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"Nature" for humanities?
September 17, 2012 4:47 PM   Subscribe

Is there an equivalent of "Nature" for the humanities and social sciences? I'm looking for a magazine or blog that curates notable scholarly papers from non-STEM disciplines (philosophy/sociology/psychology/cultural studies/etc) for a wider audience.

It would probably include an intro or summary to give some context to the paper for those outside the discipline.

If not, any suggestions for blogs within individual disciplines that do the same?
posted by dontjumplarry to Society & Culture (13 answers total) 19 users marked this as a favorite
 
Psychology is present in Nature. Sociology also gets into Nature from time to time. Social Sciences are STEM by definition and usually considered as such at most schools. The humanities tend to publish in such a wide variety of ways it would be pretty tough to aggregate but aldaily.com is one source I can think of that gives little summaries of interesting humanities stuff.
posted by srboisvert at 5:13 PM on September 17, 2012


In my experience (and at least at my university), social sciences are not considered a part of the STEM fields.
posted by kylej at 5:37 PM on September 17, 2012 [3 favorites]


In my experience (and at least at my university), social sciences are not considered a part of the STEM fields.

As a social scientist, this corresponds to my experience as well. I'm not in a STEM field by pretty much any stretch--at least, I don't consider myself to be, and I'm pretty sure any physicist or mathematician would agree.

Unfortunately, I'm not aware of any kind of aggregating, popularizing publication of the kind the OP is asking about. I wish there were!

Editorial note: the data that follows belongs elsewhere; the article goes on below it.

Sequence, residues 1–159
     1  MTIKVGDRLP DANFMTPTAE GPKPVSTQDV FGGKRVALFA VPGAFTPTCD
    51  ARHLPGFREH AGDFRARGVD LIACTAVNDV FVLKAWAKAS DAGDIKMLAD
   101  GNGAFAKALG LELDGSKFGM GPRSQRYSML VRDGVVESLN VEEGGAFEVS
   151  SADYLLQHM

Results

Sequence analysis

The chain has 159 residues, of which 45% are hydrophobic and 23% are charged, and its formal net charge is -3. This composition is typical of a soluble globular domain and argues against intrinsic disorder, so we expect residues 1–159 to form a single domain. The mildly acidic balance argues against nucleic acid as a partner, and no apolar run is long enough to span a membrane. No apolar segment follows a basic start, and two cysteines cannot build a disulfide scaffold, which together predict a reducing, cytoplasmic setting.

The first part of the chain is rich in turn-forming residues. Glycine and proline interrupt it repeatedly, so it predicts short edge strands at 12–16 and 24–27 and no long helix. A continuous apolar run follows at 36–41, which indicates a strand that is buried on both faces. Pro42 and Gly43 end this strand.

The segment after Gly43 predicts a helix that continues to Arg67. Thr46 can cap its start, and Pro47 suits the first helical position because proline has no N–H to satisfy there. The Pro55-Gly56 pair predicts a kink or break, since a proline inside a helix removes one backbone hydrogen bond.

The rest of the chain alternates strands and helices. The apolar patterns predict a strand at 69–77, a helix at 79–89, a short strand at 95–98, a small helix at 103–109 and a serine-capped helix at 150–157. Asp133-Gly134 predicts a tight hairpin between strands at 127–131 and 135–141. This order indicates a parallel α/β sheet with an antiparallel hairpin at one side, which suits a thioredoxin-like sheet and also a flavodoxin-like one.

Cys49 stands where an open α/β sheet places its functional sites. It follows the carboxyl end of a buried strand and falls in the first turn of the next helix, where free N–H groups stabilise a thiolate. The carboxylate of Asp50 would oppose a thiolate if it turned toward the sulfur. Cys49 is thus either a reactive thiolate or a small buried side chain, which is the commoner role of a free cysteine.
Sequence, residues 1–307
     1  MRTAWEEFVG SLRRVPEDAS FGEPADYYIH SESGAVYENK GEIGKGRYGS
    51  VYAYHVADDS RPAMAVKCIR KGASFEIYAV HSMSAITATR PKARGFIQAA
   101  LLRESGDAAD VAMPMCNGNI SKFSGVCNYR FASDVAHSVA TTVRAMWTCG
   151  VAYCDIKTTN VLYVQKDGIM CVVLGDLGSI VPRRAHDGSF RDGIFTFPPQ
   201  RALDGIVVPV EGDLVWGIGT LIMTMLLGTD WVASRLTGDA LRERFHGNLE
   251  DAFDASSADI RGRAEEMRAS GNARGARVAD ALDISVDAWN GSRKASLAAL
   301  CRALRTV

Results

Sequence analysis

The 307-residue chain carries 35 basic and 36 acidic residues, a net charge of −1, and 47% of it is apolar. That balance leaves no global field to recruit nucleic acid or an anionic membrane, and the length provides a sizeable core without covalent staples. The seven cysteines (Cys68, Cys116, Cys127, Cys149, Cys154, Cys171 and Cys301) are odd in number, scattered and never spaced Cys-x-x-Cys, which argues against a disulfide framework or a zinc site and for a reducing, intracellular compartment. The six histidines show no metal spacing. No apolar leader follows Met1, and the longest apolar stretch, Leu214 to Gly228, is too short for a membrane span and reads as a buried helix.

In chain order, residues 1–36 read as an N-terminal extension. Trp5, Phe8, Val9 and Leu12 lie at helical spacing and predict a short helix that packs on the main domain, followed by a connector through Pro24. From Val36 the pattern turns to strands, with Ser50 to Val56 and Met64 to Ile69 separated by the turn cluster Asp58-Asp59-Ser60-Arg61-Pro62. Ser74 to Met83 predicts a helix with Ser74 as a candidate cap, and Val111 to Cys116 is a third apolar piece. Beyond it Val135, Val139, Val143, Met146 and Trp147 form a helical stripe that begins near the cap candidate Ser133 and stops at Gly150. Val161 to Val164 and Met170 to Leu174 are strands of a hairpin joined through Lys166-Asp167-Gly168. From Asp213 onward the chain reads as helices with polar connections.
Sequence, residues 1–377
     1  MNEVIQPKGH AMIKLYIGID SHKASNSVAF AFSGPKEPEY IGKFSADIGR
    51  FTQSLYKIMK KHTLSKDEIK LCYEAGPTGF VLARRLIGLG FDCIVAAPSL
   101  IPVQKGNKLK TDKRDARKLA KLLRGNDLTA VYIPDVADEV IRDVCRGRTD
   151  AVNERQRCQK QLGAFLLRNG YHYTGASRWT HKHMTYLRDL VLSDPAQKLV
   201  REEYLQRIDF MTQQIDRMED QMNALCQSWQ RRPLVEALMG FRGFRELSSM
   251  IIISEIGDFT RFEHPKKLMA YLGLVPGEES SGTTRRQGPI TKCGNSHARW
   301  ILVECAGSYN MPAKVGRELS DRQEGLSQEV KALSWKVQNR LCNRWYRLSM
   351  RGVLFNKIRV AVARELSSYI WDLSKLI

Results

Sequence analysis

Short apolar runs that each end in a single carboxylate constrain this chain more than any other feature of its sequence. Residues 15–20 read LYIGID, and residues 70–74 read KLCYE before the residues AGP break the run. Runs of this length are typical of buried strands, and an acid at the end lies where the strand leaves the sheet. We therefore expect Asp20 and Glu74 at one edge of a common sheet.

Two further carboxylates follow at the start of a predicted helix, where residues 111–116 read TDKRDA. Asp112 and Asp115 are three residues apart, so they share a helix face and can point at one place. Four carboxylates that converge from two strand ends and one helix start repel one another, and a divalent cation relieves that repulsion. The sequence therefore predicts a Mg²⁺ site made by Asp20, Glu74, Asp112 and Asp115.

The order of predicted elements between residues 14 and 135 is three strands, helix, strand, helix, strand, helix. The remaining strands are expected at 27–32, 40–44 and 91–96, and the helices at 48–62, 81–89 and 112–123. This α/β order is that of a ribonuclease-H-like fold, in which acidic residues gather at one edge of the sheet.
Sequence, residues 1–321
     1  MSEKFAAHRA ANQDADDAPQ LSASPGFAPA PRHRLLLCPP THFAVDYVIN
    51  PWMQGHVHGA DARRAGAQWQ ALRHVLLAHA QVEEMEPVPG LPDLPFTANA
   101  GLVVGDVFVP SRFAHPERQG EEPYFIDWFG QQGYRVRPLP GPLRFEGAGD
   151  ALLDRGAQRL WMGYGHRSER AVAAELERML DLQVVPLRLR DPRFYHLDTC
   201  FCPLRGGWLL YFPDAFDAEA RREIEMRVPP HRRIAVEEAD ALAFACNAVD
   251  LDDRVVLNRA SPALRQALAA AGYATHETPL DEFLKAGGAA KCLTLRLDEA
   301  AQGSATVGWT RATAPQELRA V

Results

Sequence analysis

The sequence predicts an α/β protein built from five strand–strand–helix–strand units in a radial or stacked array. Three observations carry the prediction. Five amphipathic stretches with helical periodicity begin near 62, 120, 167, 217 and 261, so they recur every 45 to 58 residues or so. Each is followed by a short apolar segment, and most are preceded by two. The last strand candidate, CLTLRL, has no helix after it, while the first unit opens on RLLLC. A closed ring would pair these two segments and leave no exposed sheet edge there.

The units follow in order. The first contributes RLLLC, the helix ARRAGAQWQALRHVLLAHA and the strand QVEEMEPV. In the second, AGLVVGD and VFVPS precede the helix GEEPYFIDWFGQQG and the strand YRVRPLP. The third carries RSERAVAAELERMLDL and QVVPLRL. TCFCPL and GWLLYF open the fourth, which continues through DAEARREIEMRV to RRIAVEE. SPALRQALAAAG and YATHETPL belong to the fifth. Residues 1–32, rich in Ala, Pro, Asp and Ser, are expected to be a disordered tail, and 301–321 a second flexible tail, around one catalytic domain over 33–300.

posted by Superplin at 5:41 PM on September 17, 2012


I don't think I have the perfect answer for you, but I can think of a couple of resources that you might like to check out.

One is Daedalus, the journal of the American Academy of Arts and Sciences.

Another place to check out is the "omnivore" from bookforum. Most of the links are to articles written for a general audience, but still seem very academic-ish in terms of subject matter, presentation, and authorship.
posted by Maxwell_Smart at 5:56 PM on September 17, 2012 [1 favorite]


Is there an equivalent of "Nature" for the humanities and social sciences? I'm looking for a magazine or blog that curates notable scholarly papers from non-STEM disciplines (philosophy/sociology/psychology/cultural studies/etc) for a wider audience.

Well, just to be clear, Nature (and its American counterpart, Science) doesn't curate a selection of papers published in other journals: it publishes the articles itself.

Also, Nature and Science are still mostly read by academics and researchers, not the broader public. I don't know of any journal with the same prestige and visibility that's addressed to humanities academics in general.

The broader public reads stuff in Scientific American or Popular Science or Discover rather than Nature or Science.

Similarly, for the humanities, publications that are truly addressed to the (somewhat) broader public but cover some of the academic scene might various reviews of books (New York, London, Boston, Montreal, Los Angeles, Jewish), The New Republic, The Guardian, The New Criterion, and somewhat more specific publications like Foreign Affairs and Foreign Policy.